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Tuesday 21 February 2012 | Published in Regional


Participants at the 5th IOC World Conference on Women and Sport called on sports leaders to take a more proactive role in advancing the cause of women in and through sport as the event came to a close in Los Angeles, California, on Saturday.

Among the 800 delegates from 135 countries at the event was Cook Islands Sports and National Olympic Committee secretary general Rosie Blake BEM.

As well as being in Los Angeles as the chairperson of the Cook Islands Women in Sport Commission, Blake was honoured with the woman in sport award for the Oceania region by the International Olympic Committee for a lifelong dedication to sports in the Cook Islands.

“This is a huge honour that has been placed upon the Cook Islands,” commented minister of sport Mark Brown.

“Let’s give credit where it is due. We are all too often quick to criticise our own people but slow to recognise the unseen and unreported good that has been done over many years by our own people.”

At the awards ceremony, Blake epitomised proud Cook Islands women in a strand of Manihiki black pearls and trade mark ei katu.

But it wasn’t all glamour as Blake, assisted by Lydia Sijp, presented to IOC delegates the progress of sport in the Cook Islands and the role it plays in the development of a positive society.

Blake also took part in a three-day conference, whose theme was ‘together stronger: the future of sport’.

The conference ended with over 800 delegates from 135 countries unanimously approving “The Los Angeles Declaration”, a series of recommendations aimed at promoting gender equality in sport and using sport as a tool to improve the lives of women around the world.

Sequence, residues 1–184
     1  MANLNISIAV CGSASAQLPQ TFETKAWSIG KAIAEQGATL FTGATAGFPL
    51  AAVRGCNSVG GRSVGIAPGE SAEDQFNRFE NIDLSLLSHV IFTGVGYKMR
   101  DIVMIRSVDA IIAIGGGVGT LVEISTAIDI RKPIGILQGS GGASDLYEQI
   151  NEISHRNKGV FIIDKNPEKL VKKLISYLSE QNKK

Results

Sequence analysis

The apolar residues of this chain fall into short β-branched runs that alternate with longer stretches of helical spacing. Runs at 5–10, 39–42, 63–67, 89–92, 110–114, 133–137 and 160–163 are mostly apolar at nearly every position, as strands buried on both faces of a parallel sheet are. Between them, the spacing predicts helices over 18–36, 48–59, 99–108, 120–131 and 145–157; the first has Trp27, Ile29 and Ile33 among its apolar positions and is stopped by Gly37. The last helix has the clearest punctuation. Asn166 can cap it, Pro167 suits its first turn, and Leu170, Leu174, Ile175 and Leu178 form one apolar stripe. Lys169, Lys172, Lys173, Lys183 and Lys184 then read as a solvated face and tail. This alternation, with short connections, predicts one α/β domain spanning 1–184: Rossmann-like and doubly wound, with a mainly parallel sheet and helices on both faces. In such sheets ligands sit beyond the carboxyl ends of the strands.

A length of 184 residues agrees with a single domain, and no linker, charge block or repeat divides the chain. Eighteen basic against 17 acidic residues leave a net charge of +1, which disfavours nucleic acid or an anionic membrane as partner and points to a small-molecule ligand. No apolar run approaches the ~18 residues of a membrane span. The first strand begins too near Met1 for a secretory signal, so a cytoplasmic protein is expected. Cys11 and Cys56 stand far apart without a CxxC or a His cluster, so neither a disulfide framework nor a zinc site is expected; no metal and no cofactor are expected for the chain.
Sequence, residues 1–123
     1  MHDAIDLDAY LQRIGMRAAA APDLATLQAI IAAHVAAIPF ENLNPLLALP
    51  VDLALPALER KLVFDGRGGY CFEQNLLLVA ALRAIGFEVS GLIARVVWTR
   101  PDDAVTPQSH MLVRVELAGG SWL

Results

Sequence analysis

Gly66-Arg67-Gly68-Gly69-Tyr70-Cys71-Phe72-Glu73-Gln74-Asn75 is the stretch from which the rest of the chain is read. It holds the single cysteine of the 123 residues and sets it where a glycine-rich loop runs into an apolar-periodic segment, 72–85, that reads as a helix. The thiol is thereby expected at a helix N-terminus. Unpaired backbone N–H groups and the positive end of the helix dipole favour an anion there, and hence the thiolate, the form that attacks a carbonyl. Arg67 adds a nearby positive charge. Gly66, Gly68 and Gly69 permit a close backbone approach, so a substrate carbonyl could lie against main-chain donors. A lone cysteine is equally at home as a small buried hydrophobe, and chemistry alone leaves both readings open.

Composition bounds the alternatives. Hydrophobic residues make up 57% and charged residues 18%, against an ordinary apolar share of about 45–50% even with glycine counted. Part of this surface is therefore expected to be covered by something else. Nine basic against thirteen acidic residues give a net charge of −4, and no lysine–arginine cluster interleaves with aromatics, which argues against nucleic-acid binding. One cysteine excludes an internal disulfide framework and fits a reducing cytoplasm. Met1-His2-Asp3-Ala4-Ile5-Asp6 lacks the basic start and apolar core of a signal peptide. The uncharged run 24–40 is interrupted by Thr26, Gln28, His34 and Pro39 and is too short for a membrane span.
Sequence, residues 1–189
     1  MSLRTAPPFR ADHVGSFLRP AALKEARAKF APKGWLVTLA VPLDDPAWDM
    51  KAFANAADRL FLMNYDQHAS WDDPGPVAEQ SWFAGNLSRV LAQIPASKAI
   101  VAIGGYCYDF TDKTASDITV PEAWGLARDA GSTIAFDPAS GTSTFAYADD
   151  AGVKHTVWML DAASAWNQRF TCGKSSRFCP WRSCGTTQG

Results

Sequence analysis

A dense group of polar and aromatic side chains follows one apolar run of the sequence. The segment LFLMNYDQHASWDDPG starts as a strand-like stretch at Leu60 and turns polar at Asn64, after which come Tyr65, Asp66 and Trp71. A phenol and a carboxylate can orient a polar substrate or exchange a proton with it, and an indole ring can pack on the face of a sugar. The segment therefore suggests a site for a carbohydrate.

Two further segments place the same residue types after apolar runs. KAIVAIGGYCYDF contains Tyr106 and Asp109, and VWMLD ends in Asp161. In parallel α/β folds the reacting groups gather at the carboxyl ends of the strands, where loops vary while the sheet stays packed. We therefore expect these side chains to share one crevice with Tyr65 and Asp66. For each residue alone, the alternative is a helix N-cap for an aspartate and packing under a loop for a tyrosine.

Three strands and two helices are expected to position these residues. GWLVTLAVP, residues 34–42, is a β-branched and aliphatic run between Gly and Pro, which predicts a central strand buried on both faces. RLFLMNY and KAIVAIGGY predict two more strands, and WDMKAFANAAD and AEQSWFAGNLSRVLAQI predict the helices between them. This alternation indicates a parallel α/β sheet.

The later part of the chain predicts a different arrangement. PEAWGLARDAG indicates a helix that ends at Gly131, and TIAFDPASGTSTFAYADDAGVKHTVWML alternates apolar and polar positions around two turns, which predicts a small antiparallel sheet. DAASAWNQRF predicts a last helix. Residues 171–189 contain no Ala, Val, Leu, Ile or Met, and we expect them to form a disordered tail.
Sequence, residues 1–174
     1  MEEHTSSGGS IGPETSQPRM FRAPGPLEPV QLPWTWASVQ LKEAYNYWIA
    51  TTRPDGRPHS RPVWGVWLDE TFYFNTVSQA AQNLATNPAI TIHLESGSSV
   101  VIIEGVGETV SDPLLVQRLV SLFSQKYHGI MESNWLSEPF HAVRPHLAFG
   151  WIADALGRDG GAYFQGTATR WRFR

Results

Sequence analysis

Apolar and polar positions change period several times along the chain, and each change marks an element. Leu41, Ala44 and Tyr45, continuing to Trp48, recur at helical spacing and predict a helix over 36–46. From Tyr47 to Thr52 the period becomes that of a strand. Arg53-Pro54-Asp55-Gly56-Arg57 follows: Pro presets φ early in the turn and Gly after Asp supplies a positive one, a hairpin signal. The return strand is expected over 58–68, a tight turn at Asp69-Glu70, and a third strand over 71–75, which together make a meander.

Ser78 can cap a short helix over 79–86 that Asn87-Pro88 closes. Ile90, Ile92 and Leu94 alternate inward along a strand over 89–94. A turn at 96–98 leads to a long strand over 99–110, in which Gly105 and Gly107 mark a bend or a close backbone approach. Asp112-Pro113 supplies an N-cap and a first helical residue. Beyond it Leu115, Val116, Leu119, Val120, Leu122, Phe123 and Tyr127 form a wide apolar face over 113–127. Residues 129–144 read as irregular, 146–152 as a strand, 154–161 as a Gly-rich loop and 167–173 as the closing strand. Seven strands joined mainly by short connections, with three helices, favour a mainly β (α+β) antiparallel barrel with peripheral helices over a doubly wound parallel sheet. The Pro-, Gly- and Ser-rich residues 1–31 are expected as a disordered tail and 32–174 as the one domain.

The declaration focused on two main themes – the need to bring more women into management and leadership roles and the need to increase collaboration and partnerships, especially with UN organisations, to promote gender equality.

IOC President Jacques Rogge assured the conference delegates that the Olympic Movement would act on the recommendations.

The conference declaration acknowledged that the Olympic Movement’s steady progress towards gender equality on the field of play had not been matched in sports leadership positions.

It called for more resources to support women in sports leadership roles and urged sports organisations to follow the IOC’s lead by adopting policies to advance gender equality.

The record number of delegates at this year’s conference included well-known figures from the world of sport, as well as representatives of civil society, government and academia.

The 2012 Women and Sport Awards were presented on the opening day of the conference, with India’s Manisha Malhotra winning the World Trophy for her commitment to helping disadvantaged girls progress through sport.

The five continental winners were Peninnah Aligawesa Kabenge (Africa), the Bradesco Sports and Education Progamme and Centre (Americas), Zaiton Othman (Asia), Aikaterini Nafplioti-Panagopoulos (Europe), and Roseline Blake (Oceania).

Held every four years, the aim of the World Conference on Women and Sport is to assess the progress made in advancing the cause of gender equality within the Olympic Movement and to define future priority actions to improve and increase the involvement of girls and women in this framework.